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US: U.S. paid $32M for Iraqi base that wasn't built

by Matt KelleyUSA Today
December 14th, 2007

The U.S. military paid a Florida company nearly $32 million to build barracks and offices for Iraqi army units even though nothing was ever built, Pentagon investigators reported.

The project had to be abandoned because the Iraqi Defense Ministry couldn't obtain rights to the land where the headquarters were to be built, according to a report released this month by the Defense Department's Office of Inspector General. Contracting records show the buildings would have housed one brigade and three battalions of the Iraqi military in Ramadi, a hotbed of the Sunni Muslim insurgency and capital of Anbar province.

Still, the Air Force agency overseeing the project paid contractor Ellis Environmental Group $31.9 million of the $34.2 million obligated for the project, the report said.

An Air Force spokesman, Michael Hawkins, said in an e-mail that Air Force auditors are reviewing the contract. Although the inspector general's report says the Air Force was considering suing the contractor, Hawkins said any talk of a lawsuit was premature until the Air Force audit is complete.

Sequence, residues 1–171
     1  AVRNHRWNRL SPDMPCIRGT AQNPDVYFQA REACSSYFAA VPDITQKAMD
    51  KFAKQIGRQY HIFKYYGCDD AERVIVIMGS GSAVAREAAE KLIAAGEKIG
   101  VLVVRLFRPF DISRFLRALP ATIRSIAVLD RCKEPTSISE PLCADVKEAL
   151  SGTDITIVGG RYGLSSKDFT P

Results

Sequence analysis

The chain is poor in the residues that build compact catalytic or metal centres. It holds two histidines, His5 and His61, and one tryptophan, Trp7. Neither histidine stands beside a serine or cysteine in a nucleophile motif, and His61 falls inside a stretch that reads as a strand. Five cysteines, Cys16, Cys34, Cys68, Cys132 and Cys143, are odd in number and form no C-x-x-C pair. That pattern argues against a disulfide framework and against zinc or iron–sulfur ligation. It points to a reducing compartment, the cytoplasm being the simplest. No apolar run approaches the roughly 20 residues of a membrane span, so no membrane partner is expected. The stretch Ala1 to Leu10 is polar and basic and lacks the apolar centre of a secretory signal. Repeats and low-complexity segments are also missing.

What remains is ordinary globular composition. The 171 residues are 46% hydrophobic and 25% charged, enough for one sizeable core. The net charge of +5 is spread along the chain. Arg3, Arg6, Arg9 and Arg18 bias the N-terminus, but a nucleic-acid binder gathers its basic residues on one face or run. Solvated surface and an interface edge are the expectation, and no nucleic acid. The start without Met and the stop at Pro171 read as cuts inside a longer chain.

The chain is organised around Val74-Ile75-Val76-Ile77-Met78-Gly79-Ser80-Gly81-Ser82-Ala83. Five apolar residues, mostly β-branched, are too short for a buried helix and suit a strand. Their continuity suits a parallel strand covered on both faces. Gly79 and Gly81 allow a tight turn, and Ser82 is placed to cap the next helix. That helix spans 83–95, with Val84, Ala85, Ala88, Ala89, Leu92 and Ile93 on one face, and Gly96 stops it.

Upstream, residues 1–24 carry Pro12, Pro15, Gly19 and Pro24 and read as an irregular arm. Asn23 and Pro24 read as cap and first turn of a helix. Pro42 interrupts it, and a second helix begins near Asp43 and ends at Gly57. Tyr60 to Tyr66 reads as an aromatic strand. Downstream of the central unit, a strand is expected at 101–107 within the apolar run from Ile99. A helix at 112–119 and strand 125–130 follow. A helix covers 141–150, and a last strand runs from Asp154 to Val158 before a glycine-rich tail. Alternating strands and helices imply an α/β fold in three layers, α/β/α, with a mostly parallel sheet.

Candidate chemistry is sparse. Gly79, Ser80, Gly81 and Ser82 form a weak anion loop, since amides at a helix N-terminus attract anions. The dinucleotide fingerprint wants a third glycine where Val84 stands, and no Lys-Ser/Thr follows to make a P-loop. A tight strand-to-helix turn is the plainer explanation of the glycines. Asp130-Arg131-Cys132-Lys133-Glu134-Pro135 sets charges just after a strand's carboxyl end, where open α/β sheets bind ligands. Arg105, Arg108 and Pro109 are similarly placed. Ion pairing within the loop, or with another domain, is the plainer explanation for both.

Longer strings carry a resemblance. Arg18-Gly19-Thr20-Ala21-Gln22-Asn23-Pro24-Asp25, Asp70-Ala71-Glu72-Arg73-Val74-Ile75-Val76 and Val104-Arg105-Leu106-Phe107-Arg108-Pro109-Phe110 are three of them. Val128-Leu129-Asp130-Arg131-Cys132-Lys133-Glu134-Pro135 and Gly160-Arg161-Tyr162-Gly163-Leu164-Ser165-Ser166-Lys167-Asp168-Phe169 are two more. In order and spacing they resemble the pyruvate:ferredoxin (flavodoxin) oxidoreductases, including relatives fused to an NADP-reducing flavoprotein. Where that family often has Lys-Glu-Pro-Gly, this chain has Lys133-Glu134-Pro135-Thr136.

Ellis Environmental Group spokesman Steve Brownstein said the work was reassigned to Ellis World Alliance Corp., a related company. Bob Smith, of Ellis World Alliance headquarters in Gainesville, Fla., said contracting rules barred any official comment.

The Ramadi construction contract is one of many problems Pentagon investigators cited in this month's report on the military's oversight of $5.2 billion Congress approved in 2005 to help train and equip the Iraqi military and police.

The report says the military didn't keep adequate records of equipment for the Iraqis ranging from generators and garbage trucks to thousands of guns and grenade launchers. Separately, the United States has launched a criminal investigation into allegations that weapons it bought for the Iraqis ended up in the hands of insurgent and terrorist groups.

The Air Force Center for Engineering and the Environment near San Antonio manages construction contracts for the Iraqi military assistance program.

In May 2006, the Air Force center awarded the Ramadi project to Ellis Environmental Group, according to federal contracting records.

The inspector general's report says vouchers provided by the contractor don't show purchased materials. But Hawkins said the Air Force had documentation on about $15 million worth of equipment and supplies meant for the Ramadi headquarters. That gear is in storage and available for other projects in Iraq, Hawkins said.

Hawkins said the contractor set up a camp for construction workers, performed design and engineering work and had begun building roads and an airstrip before the project was halted.

Government investigators have repeatedly faulted U.S. oversight of contracting in Iraq, and more than two dozen people have been charged with corruption related to the war and rebuilding effort.




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